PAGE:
News & Events May 31, 2021

More than $1 million raised in the 2021 Walk for Women’s Cancer, and counting! – 775 Walkers deliver for medical research                   

More than 770 women and men stepped out from Perth’s Harry Perkins Institute of Medical Research at 7am on Saturday 29 May in the Walk for Women’s Cancer to raise much needed funds for WA cancer research.

It is estimated more than 150,000 women and men will be diagnosed with cancer in Australia in 2021.

The top individual fundraiser Peter Iancov who raised $27,105 and the top team Blistering for a Cause raised $62,091.

Harry Perkins Institute CEO Professor Peter Leedman AO said the efforts of these walkers is very moving, as many have lost family members to cancer and many are cancer survivors.

“They truly make a difference to cancer research in WA.”

Professor Leedman says only medical research will find new discoveries and treatments for cancer.

“There are still some extremely aggressive forms of breast cancer where the gene profile is yet to be fully understood.

“For ovarian cancer, there is currently no easy test for it and too often women have only minor symptoms and it is often too late when cancer is detected.

“We urgently need more research with ovarian cancer patients to move closer to developing a simple blood test which would change the abysmal outcomes that currently exist for many women,” said Professor Leedman.

An Indigenous team Moorditj Mob that includes Aboriginal Research Officer Danielle Headland and her 67 year old father Douglas are walking to honour Danielle’s mother who died of uterine cancer in 2013, two years after diagnosis.

“It felt like it happened really quickly once she started showing symptoms.”

COVID restrictions meant last year’s Walk for Women’s Cancer was held as individual walks, with the option to complete the 35km distance whenever and wherever walkers wanted during a set week.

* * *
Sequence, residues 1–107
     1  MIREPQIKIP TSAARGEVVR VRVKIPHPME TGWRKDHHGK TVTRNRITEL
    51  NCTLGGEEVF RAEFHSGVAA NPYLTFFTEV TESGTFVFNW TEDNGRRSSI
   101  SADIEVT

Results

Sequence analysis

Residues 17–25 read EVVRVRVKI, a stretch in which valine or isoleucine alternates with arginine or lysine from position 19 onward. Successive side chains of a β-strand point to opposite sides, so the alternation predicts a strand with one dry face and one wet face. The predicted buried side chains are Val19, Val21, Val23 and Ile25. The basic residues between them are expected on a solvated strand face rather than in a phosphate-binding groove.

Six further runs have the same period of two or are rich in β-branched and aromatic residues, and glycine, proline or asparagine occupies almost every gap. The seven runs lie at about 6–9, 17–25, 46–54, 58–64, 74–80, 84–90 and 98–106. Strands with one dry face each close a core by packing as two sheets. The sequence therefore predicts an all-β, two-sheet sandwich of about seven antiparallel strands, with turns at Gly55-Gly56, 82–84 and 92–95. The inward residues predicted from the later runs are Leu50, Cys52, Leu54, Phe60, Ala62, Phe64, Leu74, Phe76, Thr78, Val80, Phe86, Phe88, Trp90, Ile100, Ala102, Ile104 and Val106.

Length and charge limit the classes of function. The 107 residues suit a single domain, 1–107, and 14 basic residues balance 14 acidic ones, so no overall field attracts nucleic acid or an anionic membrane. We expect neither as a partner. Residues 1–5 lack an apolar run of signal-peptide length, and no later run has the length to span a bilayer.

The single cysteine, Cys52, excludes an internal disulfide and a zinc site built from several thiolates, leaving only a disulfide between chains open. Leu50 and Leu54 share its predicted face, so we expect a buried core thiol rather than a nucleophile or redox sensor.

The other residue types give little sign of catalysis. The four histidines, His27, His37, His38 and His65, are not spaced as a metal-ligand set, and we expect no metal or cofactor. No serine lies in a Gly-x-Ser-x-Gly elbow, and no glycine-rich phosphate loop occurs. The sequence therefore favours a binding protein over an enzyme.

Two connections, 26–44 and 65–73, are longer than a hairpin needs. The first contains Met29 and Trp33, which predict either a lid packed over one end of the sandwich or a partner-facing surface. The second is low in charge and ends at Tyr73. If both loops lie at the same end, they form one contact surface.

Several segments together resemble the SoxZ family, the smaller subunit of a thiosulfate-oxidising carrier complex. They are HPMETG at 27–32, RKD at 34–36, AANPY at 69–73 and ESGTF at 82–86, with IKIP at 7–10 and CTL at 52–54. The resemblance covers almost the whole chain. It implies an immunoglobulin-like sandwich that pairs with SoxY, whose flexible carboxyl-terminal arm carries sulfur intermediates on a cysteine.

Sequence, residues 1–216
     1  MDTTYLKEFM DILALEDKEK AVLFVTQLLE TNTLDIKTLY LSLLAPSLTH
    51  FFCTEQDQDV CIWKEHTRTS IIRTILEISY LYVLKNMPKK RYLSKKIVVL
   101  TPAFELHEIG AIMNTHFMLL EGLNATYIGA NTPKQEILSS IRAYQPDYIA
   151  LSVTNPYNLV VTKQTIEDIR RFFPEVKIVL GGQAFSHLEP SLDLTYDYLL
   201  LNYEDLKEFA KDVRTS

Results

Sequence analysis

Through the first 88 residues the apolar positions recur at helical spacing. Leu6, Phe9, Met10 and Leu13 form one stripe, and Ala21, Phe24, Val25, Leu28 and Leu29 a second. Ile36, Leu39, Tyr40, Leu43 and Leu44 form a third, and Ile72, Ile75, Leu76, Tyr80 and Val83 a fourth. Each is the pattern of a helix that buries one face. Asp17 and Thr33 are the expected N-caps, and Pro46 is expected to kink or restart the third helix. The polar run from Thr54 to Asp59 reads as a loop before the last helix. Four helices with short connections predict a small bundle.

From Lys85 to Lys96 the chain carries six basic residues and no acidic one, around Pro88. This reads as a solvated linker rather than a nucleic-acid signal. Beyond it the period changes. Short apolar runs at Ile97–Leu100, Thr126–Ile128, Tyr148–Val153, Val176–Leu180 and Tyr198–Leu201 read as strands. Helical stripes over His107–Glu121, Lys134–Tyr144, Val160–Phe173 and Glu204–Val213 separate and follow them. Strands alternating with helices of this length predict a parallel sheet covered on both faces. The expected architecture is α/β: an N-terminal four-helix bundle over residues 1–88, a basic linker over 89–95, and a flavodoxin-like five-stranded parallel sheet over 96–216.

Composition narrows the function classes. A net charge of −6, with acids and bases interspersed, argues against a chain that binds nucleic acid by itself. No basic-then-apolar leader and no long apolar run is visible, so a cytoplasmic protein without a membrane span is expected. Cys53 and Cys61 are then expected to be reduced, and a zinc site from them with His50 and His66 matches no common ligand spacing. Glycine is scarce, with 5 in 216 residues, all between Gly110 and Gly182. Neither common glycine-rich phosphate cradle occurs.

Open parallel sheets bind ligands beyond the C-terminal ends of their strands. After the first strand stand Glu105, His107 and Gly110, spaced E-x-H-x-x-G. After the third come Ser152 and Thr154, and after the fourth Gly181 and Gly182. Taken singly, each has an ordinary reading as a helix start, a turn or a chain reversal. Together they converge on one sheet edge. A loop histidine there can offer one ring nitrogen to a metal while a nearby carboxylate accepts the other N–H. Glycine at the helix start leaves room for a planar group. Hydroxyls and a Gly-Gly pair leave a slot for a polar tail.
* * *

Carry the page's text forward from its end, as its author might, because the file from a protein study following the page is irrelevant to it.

“We’ve retained that option this year and have more walkers than ever registered. One walker has already completed his 35kms in Madrid and another is about to embark on a camel trek in the Simpson Desert.

“This is the first time we have had camels joining in the Walk,” he said.

However, a hardy majority will be knocking off the 35km circuit through the suburbs and around the river in the rain this morning.

Some are committed to completing a marathon distance of 42kms and one breast cancer survivor, Connie Nicoletti-Lewins is walking 70kms.

“I need to push myself to feel worthy of everyone’s donation. These people who are suffering, these researchers who are working so hard to find a solution, all these people motivate me so I’m going to push myself as well,” she said.

All proceeds from the Walk for Women’s Cancer go to research in the nine cancer laboratories at the Harry Perkins Institute where scientists are investigating the fundamental causes and possible new treatments for breast and ovarian cancers.

Professor Leedman said funding for medical research in Australia has declined significantly in the past four decades.

“Currently researchers across Australia average only a 10% chance of receiving funding from the major national grants providers. Previously up to 40% of grant applications were funded.

“That means for the significant time dedicated to writing one grant application, a researcher has less than a one in ten chance of success.

“Yet the economic, health and community benefits of a thriving medical research sector are overwhelming.

“For every dollar invested, Australian medical research returns $3.90 in benefits to the population[1]”, Professor Leedman said.

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For media enquiries and interviews please contact: Miriam Borthwick [email protected] 0437 411 683


   [1] AAMRIPolicy & Resources, KPMG Report: Australian medical research delivers outstanding returns on investment,

October, 2018,